Tag Archives: Viewing

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If a Worldview can be Destroyed by a Novel, the Problem is not the Novel

You may wonder what authors think about when their books are banned, so why not frequent vlogger and author John Green who found his book, Looking for Alaska, in the crosshairs of censors. I should note this particular video is from 2016, referencing the top challenged books of 2015. There’s usually a lag time compiling the data: while it’s interesting, it’s not necessarily pressing.

However, the video is also under 3 and a half minutes and –assuming you’re not put off by the editing style that presents him as a hyperactive Q flitting to either side of the video frame– he covers a lot of philosophical ground in that time.

He notes one of the challenges to the book involved one person reading one page and raising high dudgeon on that basis alone. I’ll delve into the phenomenon of how flimsy many of these book challenges are later this week.

In the meantime, enjoy his thoughts on books, society, and what goes on in school superintendent offices.

Star Trek Day, 2022

I’ve had a busy week, so I’m just pointing you to the recap of all the reveals and videos and tidbits from yesterday’s Star Trek Day.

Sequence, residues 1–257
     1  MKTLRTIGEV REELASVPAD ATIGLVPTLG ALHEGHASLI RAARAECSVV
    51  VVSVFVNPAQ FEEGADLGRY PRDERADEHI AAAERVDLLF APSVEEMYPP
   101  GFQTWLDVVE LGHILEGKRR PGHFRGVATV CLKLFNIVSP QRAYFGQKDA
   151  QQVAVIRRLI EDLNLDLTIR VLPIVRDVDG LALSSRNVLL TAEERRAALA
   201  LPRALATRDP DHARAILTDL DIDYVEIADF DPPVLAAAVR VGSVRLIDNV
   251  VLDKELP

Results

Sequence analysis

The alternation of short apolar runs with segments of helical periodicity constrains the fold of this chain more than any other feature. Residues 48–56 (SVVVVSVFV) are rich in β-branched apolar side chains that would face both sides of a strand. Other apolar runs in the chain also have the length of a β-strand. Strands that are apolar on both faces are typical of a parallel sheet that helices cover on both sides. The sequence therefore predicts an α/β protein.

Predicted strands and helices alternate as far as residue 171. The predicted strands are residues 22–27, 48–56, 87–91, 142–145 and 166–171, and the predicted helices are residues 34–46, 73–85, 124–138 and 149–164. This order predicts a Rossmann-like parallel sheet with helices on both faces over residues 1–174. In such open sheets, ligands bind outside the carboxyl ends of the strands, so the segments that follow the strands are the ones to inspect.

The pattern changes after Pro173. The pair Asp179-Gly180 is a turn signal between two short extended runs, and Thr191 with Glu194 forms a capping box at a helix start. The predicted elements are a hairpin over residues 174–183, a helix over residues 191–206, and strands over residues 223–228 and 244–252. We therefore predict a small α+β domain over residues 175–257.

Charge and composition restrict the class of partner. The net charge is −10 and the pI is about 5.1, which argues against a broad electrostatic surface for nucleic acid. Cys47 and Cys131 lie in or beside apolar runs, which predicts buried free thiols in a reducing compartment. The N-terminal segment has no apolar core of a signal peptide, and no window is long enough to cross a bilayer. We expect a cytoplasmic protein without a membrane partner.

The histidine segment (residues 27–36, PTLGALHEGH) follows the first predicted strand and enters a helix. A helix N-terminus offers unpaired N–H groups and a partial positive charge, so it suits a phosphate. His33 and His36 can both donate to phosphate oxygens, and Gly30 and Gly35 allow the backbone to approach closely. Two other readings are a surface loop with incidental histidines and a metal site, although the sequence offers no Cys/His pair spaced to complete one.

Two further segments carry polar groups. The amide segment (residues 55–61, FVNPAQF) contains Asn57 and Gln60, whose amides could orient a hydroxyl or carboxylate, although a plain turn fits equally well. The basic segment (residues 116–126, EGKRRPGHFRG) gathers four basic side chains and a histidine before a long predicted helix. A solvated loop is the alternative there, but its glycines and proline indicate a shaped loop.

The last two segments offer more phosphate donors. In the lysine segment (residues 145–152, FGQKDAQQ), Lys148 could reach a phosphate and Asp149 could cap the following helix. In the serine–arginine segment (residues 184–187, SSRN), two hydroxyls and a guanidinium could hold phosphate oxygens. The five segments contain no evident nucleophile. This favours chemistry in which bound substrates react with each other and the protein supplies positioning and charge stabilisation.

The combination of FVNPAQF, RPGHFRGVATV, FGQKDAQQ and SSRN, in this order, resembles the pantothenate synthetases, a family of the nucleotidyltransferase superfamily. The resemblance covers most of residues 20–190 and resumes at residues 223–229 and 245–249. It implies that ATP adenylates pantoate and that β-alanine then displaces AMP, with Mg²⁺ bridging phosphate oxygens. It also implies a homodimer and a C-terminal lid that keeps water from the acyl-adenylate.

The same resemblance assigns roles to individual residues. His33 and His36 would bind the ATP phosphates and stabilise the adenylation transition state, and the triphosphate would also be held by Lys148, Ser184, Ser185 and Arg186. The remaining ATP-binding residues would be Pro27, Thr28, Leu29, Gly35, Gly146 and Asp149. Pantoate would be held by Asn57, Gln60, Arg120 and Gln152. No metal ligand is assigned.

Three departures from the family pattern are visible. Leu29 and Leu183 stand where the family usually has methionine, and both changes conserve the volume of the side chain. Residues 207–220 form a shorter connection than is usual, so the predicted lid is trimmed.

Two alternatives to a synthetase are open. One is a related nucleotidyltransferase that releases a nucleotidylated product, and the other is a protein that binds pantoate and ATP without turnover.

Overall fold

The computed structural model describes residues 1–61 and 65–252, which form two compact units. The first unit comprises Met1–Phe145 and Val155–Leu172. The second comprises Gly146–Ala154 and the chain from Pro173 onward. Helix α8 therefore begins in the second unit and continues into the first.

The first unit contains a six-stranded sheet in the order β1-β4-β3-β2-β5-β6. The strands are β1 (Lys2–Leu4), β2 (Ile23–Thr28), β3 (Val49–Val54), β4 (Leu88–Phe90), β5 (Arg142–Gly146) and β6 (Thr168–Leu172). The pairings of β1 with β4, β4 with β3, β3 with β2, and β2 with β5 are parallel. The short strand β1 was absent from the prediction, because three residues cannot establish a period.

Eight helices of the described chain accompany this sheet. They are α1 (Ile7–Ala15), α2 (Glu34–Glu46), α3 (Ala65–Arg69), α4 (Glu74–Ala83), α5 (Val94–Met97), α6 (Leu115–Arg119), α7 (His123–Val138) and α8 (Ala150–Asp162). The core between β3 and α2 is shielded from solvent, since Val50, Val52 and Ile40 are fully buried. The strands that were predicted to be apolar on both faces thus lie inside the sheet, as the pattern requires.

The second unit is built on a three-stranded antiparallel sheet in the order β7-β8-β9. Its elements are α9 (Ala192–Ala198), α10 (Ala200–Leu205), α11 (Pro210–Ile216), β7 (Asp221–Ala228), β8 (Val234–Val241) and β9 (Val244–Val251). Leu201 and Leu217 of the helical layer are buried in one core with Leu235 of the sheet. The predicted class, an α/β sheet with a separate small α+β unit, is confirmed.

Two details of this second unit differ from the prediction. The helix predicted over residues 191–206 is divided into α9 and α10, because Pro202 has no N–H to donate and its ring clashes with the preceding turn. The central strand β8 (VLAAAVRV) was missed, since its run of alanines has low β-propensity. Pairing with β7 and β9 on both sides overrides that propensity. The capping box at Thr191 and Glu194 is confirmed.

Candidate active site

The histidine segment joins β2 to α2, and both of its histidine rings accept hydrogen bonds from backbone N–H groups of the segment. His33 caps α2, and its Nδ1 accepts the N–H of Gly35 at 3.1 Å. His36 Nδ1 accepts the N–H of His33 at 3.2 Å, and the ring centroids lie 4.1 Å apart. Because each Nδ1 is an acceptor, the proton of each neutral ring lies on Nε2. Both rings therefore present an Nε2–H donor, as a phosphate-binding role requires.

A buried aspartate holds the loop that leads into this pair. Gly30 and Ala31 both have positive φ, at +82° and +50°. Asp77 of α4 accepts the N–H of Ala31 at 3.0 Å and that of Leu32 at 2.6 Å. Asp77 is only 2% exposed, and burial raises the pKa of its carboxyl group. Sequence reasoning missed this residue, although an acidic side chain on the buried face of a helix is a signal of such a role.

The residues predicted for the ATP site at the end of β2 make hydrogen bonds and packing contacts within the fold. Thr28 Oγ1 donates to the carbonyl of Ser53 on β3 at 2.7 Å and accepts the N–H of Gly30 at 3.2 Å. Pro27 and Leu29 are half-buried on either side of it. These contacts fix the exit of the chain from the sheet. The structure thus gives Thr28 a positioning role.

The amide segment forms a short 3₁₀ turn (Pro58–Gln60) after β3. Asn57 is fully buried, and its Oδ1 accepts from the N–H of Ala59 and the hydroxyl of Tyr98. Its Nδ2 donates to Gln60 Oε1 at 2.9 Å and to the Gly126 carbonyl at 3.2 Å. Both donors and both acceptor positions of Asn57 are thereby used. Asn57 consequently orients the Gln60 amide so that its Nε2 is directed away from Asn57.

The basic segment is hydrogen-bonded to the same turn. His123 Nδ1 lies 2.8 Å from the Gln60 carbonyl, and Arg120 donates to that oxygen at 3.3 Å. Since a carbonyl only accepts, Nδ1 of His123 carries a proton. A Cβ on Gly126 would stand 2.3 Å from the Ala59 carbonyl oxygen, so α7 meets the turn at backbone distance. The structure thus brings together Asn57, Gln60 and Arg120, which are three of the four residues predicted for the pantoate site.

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Mid-life Crisis Royale

Let’s say you’re contemplating whether you or a loved one is currently experiencing a ‘mid-life crisis,” and you’re wondering why that is, what that means, and who came up with the concept anyway.

The Royal Society has your back. Just be prepared for some very British references.

Keeping on brand, the lecture is over 40 minutes, but not over 60.

Honestly, based on the level of research Professor Mark Jackson has put into this, I’d be interested in a much longer lecture or series of lectures, but it’s still quite interesting.

They also have a brief Q&A video which, thankfully, is not tedious due to actual questions and answers.

Tanks for the [Movie] Memories…

I greatly enjoy the expert-reviews-movies-depicting-the-area-of-their-expertise videos, especially when it’s clear the experts understand some creative license occurs in the best of times.

So with that, and for the 10-year-old boy in me (and possibly you) here is one about tanks.

My favorite part: he confirms what I always suspected since the first time I saw Kelly’s Heroes: every tanker wants to be Oddball.

A Lot More Q&A with Rod Serling

After watching the Rod Serling video compilation back in July, I’ve gone down a modest Rod Serling rabbit hole looking for other videos and talks and interviews he’s given.

As you might imagine, YouTube does provide.

This nearly hour-long entry is essentially a long question-answer session from UCLA circa 1971. As with many of the other videos I’ve come across, many of his answers and references are very topical to 1971, so be warned that you may need to fire your history synapses for some of the shows and events cited.

Nevertheless, I found many of the answers –even though they were very much of the time regarding the recent departure of Star Trek from the airwaves to Serling’s displeasure at his current gig Night Gallery– to be interesting enough to share.

via UCLA